On Fri, Aug 22, 2014 at 10:49:51AM +0100, Steven Hardy wrote: > On Thu, Aug 21, 2014 at 05:05:04PM +0100, Matthew Booth wrote: > > I also think it's worth explicitly documenting a few things we > > might/should mention in a review, but which aren't a reason that the > > project would be better off without it: > > > > * Stylistic issues which are not covered by HACKING > > > > By stylistic, I mean changes which have no functional impact on the code > > whatsoever. If a purely stylistic issue is sufficiently important to > > reject code which doesn't adhere to it, it is important enough to add to > > HACKING. > > I'll sometimes +1 a change if it looks functionally OK but has some > stylistic or cosmetic issues I would prefer to see fixed before giving a > +2. I see that as a "soft" +2, it's not blocking anything, but I'm giving > the patch owner the chance to fix the problem (which they nearly always > do). > > Although if a patch contains really significant uglies, I think giving a "I > would prefer you didn't merge this, in it's current state" with lots of > constructive comments wrt how to improve things is perfectly reasonable. > > > * I can think of a better way of doing this > > > > There may be a better solution, but there is already an existing > > solution. We should only be rejecting work that has already been done if > > it would detract from the project for one of the reasons above. We can > > always improve it further later if we find the developer time. > > Agreed, although again I'd encourage folks to +1 and leave detailed > information about how to improve the solution - most people (myself > included) really appreciate learning better ways to do things. I've > definitely become a much better python developer as a result of the > detailed scrutiny and feedback provided via code reviews. > > So while I agree with the general message you seem to be proposing (e.g > don't -1 for really trivial stuff), I think it's important to recognise > that if there are obvious and non-painful ways to improve code-quality, the > review is the time to do that.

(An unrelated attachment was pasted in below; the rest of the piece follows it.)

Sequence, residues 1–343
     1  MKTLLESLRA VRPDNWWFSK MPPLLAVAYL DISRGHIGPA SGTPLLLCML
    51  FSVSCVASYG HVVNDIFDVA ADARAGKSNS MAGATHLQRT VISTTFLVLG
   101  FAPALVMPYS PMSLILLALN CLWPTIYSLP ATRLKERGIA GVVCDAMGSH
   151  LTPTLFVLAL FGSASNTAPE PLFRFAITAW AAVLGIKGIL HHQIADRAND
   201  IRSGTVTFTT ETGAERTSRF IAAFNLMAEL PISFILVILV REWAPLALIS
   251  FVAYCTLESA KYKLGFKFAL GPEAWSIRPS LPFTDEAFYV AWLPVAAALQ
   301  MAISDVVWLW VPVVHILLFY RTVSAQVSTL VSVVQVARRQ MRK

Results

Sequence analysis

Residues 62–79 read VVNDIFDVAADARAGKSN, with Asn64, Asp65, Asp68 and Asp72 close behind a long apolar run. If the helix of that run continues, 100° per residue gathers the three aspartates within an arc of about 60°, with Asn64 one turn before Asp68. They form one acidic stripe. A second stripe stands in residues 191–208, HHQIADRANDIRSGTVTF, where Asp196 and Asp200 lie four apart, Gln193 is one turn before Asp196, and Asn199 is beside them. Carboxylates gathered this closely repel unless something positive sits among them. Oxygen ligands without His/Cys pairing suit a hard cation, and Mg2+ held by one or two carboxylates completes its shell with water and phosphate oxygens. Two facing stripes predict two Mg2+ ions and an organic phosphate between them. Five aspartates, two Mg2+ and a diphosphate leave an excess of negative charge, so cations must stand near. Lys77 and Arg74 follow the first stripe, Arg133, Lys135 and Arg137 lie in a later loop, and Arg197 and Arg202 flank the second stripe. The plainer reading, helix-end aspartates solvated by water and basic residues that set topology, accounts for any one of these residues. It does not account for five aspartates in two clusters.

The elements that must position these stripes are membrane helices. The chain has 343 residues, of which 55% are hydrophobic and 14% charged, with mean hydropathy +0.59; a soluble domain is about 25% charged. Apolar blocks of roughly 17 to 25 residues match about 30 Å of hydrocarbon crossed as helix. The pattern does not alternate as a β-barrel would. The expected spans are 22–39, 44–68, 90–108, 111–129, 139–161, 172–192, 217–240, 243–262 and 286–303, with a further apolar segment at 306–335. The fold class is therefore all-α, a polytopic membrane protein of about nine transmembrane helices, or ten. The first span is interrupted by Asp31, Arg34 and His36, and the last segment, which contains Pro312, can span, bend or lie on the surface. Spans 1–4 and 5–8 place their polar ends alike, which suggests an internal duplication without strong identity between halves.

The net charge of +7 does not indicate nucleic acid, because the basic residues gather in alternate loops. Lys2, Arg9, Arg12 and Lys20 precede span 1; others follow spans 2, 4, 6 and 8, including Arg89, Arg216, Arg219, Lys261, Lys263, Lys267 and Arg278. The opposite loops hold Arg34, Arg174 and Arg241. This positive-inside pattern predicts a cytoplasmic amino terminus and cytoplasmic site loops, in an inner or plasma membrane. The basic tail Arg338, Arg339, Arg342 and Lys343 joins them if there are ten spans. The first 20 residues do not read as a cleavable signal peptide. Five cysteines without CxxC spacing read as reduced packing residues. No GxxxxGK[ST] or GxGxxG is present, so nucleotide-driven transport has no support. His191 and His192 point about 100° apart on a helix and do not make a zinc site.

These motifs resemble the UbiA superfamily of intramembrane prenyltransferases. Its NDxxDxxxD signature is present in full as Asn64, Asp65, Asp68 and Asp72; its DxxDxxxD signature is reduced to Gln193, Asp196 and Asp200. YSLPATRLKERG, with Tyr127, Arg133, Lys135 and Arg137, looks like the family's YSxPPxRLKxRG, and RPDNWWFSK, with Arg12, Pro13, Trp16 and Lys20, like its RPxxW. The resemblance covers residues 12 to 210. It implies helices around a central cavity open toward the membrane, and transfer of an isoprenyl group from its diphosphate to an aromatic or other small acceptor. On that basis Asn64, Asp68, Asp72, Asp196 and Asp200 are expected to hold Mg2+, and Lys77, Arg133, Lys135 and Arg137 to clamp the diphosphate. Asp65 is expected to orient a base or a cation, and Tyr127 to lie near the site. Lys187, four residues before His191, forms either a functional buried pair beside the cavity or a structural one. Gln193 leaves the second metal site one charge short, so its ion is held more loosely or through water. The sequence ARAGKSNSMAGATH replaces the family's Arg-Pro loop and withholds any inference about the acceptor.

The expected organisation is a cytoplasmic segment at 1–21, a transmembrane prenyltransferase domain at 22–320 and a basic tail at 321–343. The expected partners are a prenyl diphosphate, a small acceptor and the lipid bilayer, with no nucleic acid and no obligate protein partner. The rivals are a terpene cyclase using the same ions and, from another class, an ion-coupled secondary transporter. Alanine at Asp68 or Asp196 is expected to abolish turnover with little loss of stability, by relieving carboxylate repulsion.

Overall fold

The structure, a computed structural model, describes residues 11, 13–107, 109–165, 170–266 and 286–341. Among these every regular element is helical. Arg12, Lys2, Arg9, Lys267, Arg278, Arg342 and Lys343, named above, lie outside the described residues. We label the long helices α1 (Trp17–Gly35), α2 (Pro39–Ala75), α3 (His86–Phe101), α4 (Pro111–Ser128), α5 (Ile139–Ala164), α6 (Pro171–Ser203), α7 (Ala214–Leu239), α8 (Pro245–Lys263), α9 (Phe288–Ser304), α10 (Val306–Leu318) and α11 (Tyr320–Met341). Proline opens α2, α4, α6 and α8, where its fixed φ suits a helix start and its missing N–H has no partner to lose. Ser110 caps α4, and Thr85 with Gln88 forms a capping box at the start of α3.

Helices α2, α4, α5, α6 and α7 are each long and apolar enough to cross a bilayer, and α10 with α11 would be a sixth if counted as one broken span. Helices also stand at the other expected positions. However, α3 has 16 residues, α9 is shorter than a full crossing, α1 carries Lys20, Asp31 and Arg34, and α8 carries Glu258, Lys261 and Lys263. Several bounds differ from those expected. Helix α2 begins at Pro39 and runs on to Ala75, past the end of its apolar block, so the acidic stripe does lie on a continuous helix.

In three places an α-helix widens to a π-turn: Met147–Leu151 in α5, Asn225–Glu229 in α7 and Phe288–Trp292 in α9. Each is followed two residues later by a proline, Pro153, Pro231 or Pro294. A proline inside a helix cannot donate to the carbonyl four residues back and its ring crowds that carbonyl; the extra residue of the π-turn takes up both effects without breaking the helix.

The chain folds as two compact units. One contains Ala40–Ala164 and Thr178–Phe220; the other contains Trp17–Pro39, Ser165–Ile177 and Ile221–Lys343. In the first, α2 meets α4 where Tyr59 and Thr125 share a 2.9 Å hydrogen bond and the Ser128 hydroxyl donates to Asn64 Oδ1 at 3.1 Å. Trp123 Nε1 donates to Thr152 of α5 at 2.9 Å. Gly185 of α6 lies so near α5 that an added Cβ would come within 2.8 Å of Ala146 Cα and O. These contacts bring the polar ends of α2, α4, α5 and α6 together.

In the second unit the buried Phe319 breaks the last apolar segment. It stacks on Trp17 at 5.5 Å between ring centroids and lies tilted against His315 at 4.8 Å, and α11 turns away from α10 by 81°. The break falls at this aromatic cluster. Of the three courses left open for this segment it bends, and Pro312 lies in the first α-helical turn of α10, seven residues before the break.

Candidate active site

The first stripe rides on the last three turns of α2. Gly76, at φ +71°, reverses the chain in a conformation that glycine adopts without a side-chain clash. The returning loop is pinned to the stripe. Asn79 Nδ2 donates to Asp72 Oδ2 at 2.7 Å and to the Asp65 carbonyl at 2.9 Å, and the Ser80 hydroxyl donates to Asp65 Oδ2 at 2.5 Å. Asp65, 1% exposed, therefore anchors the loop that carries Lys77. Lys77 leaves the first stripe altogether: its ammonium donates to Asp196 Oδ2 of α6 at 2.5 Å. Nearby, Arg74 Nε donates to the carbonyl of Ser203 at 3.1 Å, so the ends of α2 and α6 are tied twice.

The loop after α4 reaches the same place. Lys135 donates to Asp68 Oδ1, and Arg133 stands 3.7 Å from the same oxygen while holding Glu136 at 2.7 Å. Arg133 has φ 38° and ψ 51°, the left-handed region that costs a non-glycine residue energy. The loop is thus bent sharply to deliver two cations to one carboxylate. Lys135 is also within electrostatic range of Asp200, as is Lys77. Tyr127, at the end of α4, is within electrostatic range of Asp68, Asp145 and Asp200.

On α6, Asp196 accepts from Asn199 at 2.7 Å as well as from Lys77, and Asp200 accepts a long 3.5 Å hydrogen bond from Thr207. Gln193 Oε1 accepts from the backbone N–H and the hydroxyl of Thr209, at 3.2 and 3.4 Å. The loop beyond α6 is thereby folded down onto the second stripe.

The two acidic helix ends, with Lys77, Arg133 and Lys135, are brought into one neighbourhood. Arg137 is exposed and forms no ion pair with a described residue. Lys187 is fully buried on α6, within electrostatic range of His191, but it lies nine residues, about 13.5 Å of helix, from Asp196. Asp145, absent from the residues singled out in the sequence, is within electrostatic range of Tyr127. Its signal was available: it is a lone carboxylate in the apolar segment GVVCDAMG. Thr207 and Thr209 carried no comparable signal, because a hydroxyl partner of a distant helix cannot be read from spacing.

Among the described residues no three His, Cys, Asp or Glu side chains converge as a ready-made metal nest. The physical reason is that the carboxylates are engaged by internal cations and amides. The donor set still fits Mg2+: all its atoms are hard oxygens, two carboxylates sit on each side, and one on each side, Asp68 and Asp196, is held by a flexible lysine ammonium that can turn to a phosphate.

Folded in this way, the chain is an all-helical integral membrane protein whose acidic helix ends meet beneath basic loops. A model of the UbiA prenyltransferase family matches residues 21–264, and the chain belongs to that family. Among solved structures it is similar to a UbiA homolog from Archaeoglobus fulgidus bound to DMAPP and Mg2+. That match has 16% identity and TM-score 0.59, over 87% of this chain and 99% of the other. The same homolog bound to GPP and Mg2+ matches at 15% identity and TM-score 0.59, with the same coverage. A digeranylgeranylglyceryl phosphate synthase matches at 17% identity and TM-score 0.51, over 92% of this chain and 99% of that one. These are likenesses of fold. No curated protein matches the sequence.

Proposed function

One thing I have seen some people (eg Mark McLoughlin) do a number of times is to actually submit followup patches. eg they will point out the minor style issue, or idea for a better approach, but still leave a +1/+2 score. Then submit a followup change to deal with that "nitpicking". This seems like it is quite an effective approach because it ensures the original authors' work gets through review more quickly. Using a separate follow-on patch also avoids the idea of the reviewer hijacking the original contributors patches by editing them & reposting directly Regards, Daniel -- |: http://berrange.com -o- http://www.flickr.com/photos/dberrange/ :| |: http://libvirt.org -o- http://virt-manager.org :| |: http://autobuild.org -o- http://search.cpan.org/~danberr/ :| |: http://entangle-photo.org -o- http://live.gnome.org/gtk-vnc :| _______________________________________________ OpenStack-dev mailing list OpenStackfirstname.lastname@example.org http://lists.openstack.org/cgi-bin/mailman/listinfo/openstack-dev